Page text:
By Victor D. Infante
“So you were totally bluffing,” says Steph, as I recount the story on my return. “Because that’s not exactly how a hologram works.”
I nod, as I wash my face and redo my makeup, because if I’m going down gunslinger-style in a final shootout, I’ll be damned to do it looking like some loser on the wrong end of a WWE contract dispute. Even mom looked funny at me as I left, but thank whatever gods or goddesses that are out there that she didn’t say anything, even though the concern was written all over her face.
“It wasn’t exactly a bluff,” I say. “Sure, I explained it badly – sue me, I was bleeding to death – but the overall effect would have been the same. It would have been one big old mutually assured destruction party, with me a broken mess in my mom’s study, and her nibbled to death by any number of occultists with axes to grind.”
“And who says we didn’t learn anything in high school social studies?” says Steph, and I actually laugh. “So,” she continues. “What’s the plan?”
I check my makeup one more time, then snap my compact shut.
“The plan is I wait here for her to come after me and Sara, and you get as far away from here as possible.”
“No way!” she shouts. “No way in hell am I …”
“Steph,” I say, sternly. “I totally love you, and appreciate that you want …”
“No!” shouts Steph, completely ignoring my Willow Rosenberg resolve face. “I am not leaving you here to face some … some … undead witch queen!”
“Not a queen,” I say. “And not really undead. Just a witch who’s putting up a hell of a fight on the whole not dying thing.”
“Whatever,” says Steph. “Don’t care. I’m not …”
“I have to stay here and fight, Steph,” I say plainly. “and Sara has to stay here as bait.”
“I’m bait?” asks Sara, listening from the living room.
“You are totally bait,” I say, not taking my attention off Steph. “I can’t protect both of you when it starts.”
“No way,” she says, pointing a finger at my face. “No way are we playing out the cliché sending-the-sidekick-away scene. I’m sticking and that’s that.”
I look her straight in the eyes, searching for something to say. Steph has never been a part of this life. Not really. Steph is the person I turn to when I need to get away from this life. The one untouched by …
No. No she isn’t. I’ve been wrong about everything, and I know I’m right this time because of the noticeable lack of buzzing in my ear.
I turn on my heel and storm into the living room.
“Fine,” I shout. “If you two have to be here, then I’m putting you to work. Do exactly as I say, understand?”
Both Steph and Sara nod, but they really don’t. Not like I’m starting to.
“Good,” I say, meaning good enough, “because we only have until midnight.”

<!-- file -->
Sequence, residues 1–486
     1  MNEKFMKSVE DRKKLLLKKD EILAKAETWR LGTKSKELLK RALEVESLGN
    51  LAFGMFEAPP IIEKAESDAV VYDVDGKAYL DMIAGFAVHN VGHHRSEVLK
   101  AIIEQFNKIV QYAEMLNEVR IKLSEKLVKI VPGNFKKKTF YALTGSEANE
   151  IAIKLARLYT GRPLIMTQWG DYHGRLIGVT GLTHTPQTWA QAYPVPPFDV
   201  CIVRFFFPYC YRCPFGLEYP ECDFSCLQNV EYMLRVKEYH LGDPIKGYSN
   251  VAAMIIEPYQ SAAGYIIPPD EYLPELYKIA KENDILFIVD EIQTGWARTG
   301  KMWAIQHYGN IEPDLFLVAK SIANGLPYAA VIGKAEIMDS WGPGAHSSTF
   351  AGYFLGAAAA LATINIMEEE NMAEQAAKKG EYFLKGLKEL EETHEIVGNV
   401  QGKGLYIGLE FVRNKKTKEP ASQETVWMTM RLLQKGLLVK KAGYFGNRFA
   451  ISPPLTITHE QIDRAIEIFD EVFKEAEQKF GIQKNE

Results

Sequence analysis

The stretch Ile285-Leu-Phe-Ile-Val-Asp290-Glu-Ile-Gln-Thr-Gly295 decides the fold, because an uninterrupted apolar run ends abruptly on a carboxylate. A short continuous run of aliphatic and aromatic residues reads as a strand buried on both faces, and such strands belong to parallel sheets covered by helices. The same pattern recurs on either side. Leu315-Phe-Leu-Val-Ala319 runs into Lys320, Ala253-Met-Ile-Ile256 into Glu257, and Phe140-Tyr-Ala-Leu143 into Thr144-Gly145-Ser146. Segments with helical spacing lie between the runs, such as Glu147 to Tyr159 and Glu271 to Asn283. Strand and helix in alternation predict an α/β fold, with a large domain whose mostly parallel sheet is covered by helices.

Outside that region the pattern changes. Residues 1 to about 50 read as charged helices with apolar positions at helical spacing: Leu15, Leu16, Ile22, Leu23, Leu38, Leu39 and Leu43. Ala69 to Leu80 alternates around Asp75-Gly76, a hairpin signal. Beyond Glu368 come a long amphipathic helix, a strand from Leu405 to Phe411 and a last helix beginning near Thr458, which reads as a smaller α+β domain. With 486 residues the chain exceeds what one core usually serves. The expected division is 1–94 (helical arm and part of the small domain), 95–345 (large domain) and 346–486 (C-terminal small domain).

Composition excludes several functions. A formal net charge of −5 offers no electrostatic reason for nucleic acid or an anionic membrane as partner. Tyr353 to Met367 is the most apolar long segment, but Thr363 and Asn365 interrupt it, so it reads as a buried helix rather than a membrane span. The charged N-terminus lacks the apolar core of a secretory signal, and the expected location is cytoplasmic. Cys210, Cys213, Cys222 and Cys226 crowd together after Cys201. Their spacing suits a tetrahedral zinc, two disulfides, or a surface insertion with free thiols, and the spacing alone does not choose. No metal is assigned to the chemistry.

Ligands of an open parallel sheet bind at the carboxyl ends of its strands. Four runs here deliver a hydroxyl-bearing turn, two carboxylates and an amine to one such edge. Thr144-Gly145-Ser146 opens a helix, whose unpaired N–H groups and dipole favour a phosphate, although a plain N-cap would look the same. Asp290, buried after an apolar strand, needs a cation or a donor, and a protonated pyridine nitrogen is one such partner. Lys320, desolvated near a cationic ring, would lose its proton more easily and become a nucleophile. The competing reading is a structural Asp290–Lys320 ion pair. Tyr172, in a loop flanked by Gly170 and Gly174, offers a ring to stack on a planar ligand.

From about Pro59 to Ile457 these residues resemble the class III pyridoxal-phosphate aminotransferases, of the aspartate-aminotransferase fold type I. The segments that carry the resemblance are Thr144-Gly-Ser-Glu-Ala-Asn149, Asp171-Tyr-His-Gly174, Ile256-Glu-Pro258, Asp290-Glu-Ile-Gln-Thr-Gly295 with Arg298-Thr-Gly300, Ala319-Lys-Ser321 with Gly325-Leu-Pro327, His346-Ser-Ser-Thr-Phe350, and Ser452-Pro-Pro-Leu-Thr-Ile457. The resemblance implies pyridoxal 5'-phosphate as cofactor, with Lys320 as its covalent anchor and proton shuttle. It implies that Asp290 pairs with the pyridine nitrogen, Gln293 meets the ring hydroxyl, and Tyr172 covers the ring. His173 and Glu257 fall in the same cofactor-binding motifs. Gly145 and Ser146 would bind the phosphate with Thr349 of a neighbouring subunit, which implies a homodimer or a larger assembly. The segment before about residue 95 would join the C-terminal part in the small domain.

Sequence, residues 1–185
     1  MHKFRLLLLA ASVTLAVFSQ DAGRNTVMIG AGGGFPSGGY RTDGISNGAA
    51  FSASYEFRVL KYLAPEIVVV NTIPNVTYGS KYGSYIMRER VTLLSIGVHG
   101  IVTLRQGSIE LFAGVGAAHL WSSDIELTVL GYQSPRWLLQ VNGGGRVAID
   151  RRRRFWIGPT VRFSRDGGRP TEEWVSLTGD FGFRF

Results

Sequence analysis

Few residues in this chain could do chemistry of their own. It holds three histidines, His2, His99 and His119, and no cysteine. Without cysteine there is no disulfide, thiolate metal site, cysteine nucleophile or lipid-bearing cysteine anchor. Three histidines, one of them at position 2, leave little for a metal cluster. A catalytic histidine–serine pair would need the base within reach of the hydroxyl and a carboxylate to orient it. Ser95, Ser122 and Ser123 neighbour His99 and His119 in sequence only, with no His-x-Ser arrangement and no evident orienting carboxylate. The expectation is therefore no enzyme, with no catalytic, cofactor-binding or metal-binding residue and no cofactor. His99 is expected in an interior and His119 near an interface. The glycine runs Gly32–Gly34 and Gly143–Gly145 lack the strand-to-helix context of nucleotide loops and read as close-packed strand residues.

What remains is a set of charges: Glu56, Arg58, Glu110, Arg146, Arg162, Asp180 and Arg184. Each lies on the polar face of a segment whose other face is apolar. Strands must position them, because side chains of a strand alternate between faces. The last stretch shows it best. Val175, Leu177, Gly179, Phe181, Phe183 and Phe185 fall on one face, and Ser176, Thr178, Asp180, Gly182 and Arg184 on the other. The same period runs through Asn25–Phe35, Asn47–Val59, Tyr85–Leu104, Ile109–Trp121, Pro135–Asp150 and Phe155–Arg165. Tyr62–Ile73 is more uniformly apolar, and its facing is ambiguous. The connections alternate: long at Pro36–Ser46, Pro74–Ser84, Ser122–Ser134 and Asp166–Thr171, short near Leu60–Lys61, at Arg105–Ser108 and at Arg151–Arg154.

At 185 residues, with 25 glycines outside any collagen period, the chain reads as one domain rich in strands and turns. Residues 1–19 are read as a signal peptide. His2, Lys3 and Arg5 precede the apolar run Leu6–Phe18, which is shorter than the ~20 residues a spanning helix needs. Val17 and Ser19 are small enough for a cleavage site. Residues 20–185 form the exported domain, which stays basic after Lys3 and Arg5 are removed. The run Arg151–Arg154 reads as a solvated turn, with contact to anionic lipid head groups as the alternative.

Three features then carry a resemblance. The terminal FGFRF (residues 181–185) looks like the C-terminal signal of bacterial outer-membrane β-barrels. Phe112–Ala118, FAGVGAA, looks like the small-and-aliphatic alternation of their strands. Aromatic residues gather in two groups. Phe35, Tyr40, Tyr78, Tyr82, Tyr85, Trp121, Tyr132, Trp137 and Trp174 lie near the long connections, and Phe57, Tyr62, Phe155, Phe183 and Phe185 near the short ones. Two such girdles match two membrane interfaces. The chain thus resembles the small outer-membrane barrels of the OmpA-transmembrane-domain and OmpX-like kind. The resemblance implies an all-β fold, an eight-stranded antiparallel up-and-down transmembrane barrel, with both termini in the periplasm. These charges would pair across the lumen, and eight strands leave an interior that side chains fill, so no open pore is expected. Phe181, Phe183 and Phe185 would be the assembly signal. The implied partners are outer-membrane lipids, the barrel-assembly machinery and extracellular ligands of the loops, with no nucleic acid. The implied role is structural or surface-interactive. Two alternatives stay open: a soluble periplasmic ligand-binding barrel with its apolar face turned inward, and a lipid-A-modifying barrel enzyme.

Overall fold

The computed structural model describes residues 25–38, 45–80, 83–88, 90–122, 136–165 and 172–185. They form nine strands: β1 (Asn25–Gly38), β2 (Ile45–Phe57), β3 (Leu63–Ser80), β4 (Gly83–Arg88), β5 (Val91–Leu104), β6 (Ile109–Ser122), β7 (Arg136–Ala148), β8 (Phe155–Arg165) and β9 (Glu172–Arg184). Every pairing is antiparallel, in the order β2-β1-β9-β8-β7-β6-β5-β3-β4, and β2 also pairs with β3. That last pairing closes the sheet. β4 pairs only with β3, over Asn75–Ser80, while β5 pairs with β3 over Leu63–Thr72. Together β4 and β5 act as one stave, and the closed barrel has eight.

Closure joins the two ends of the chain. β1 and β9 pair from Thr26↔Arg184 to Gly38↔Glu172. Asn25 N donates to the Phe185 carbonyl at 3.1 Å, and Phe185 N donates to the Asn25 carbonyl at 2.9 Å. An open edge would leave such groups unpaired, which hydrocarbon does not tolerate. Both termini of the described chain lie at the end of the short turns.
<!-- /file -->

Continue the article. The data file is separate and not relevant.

I laugh reflexively.
“The Witching Hour. Kind of perfect.”
“I thought your truce was until tomorrow,” says Sara, and when I glare at her, she begins to comprehend what I already know … that the witch will take that literally, not wait for dawn. That’s an old one.
The next couple hours are a buzz of activity, as Sara oversees tricking my apartment out like a college Wicca sorority house – candles, chalk-drawn pentagram on the floor, that hippie incense stuff that smells like the parking lot of a Phish concert … the works. And at the center of it all rests Abigail’s jeweled box, the one she never was able to open. Knew I’d find a use for it, eventually.
I spend the time studying. Abigail kept detailed notes, enchanted so only she or her successors could read them. I’ve read over them before, so it doesn’t take me too long to skim until I find the account of a chess game in the park – a duel against a witch named Harriet Nacht.
It’s rare that a witch goes power-mad and tries to start seizing territory, but it happens. They grow old and accomplish incredible things, and then feel the limits of their powers. They find something they can’t do, and slowly, the thought dawns on them that, maybe, all they really need is more power.
Harriet Nacht was ancient – more than a century old, far as Abigail could tell. The matriarch of a large family, with several daughters who could take her place when she eventually shoved off. But something happened – Abigail didn’t know what – and her family died.
“And then she tried to bring them back,” says Philomena, appearing before me, but not meeting my gaze. “She went mad, and tried to bring her children back, her grandchildren. It didn’t work.”
My eyes narrow as I regard Philomena’s face. I’ve never felt too comfortable looking deeply into those translucent eyes. Never wanted her to know how much our whole arrangement bugs me.
“So she started going after other witches,” I say, putting it all together. “Thinking if she could seize more power …”